Magazine article The Christian Century

The Underground Railroad: A Novel

Magazine article The Christian Century

The Underground Railroad: A Novel

Article excerpt

The Underground Railroad: A Novel

By Colson Whitehead

Doubleday, 320 pp., $26.95

[ILLUSTRATION OMITTED]

Slavery is the sort of topic that makes novels seem trivial, even as it demonstrates in blood the power of a pernicious cultural fiction. Writing a novel about it--as Colson Whitehead has done, with startling success--is like taking a selfie in front of an active volcano: you're lucky if you just get away with looking small.

Of course, great novels have been written about slavery, and this history adds another layer of risk to Whitehead's project. Readers of The Underground Railroad may find themselves, rather ghoulishly, comparing it to Beloved, Kindred, Middle Passage, Flight to Canada, The Known World, or the great slave narratives of Harriet Jacobs, Frederick Douglass, or Solomon Northup--a caliber of competition few novelists would willingly invite. (That such a list can exist at all is white America's shame and black America's triumph.)

Another, far less significant history shadows this book as well: Whitehead's history of writing novels that fail to live up to the memory of his 1999 debut The Intuitionist, which memorably applied the Thomas Pynchon/Don DeLillo mode --essayistic riffs unfolding alongside a slightly cartoonish plot driven by technology and politics--to the lives and conflicts of black Americans. As each new Whitehead book rolled through the literary publishing hype-machine, drawing its spate of admiring reviews--many of which, after the brilliant but frustrating sophomore effort John Henry Days (2001), featured some variation on the phrase "His best since The Intuitionist!"--it was hard to escape the feeling that his was a talent limited by its own cleverness.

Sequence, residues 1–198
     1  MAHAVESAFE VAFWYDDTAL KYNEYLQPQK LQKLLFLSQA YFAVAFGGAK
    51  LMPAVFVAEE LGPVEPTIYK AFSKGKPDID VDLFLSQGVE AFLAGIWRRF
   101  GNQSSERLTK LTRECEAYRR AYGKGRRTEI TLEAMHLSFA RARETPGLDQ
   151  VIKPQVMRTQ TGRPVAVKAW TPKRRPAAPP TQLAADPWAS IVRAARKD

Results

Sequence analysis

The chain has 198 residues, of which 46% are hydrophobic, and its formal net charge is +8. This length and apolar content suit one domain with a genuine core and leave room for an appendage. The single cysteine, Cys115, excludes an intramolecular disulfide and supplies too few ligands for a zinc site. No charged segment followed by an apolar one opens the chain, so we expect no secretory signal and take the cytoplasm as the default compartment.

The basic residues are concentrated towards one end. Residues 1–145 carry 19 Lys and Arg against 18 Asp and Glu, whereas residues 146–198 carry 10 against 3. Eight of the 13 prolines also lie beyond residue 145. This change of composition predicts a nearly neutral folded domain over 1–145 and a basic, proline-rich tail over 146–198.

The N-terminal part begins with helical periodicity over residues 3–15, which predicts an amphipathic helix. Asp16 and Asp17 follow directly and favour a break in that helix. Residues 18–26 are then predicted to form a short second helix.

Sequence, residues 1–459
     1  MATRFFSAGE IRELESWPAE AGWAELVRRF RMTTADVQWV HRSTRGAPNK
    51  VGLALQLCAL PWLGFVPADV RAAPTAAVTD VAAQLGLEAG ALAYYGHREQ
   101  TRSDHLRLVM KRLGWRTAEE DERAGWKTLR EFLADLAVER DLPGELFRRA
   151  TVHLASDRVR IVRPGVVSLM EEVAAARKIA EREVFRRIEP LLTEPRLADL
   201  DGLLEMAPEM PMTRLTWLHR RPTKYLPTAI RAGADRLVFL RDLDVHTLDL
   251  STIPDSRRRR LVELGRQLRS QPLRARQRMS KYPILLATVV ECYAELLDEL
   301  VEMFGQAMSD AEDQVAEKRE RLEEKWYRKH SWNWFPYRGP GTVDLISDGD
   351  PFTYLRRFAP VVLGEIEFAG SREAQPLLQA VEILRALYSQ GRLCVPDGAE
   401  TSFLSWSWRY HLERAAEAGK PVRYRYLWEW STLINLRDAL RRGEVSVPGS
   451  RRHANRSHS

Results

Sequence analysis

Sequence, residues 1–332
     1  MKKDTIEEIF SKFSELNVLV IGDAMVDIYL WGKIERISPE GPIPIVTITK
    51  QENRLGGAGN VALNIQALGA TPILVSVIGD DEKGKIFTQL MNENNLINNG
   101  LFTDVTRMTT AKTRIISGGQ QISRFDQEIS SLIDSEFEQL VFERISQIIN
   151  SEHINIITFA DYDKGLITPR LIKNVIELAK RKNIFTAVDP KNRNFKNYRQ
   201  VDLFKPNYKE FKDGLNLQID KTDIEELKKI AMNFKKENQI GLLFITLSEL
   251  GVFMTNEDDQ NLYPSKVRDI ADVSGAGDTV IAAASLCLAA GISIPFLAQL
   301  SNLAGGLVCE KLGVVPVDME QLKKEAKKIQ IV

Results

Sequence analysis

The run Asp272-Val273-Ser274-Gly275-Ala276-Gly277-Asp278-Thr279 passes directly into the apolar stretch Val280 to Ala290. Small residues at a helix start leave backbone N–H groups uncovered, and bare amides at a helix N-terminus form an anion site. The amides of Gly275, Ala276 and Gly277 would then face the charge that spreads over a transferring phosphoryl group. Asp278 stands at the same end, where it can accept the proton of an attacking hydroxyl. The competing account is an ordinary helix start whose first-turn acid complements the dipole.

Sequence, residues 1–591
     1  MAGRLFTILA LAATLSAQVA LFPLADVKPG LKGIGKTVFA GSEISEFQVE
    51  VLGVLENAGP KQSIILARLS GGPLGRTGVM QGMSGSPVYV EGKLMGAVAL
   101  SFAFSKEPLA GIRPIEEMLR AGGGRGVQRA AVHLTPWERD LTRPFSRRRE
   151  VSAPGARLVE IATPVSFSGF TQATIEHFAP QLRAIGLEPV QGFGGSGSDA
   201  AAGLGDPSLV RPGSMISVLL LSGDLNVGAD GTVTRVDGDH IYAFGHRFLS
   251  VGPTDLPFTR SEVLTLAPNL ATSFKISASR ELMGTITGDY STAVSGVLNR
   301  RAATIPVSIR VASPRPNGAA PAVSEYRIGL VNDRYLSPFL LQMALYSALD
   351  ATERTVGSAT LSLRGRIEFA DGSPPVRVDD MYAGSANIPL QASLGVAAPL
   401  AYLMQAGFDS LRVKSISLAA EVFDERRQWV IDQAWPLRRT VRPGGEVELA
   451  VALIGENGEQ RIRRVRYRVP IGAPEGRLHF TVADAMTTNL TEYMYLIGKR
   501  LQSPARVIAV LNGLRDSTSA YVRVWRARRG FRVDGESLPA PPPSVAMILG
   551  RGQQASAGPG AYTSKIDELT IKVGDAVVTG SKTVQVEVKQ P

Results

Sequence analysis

The first surprise of The Underground Railroad is its style: muscular, understated, aphoristic. Whitehead has always been capable of devastating efficiency, but he's never been so disciplined as here. "When you are sold that many times, the world is teaching you to pay attention," Whitehead writes of Ajarry, his heroine's grandmother; the single sentence distills whole shelves' worth of knowledge and biographical reconstruction. A few pages later, Ajarry's life is summarized as follows:

   Her first master got swindled by a man who sold a device
   that cleaned cotton twice as fast as Whitney's gin. The diagrams
   were convincing, but in the end Ajarry was another
   asset liquidated by order of the magistrate.... Another
   owner expired from dropsy, whereupon his widow held an
   estate sale to fund a return to her native Europe, where it
   was clean. Ajarry spent three months as the property of a
   Welshman who eventually lost her, three other slaves, and
   two hogs in a game of whist. And so on.

The "And so on" does more emotional work than whole paragraphs of earlier Whitehead books.

The efficiency of the language isn't merely a technical achievement: it speaks to Whitehead's thorough immersion in his research, his mastery of a hundred facts in search of the one that will make a scene come alive. …

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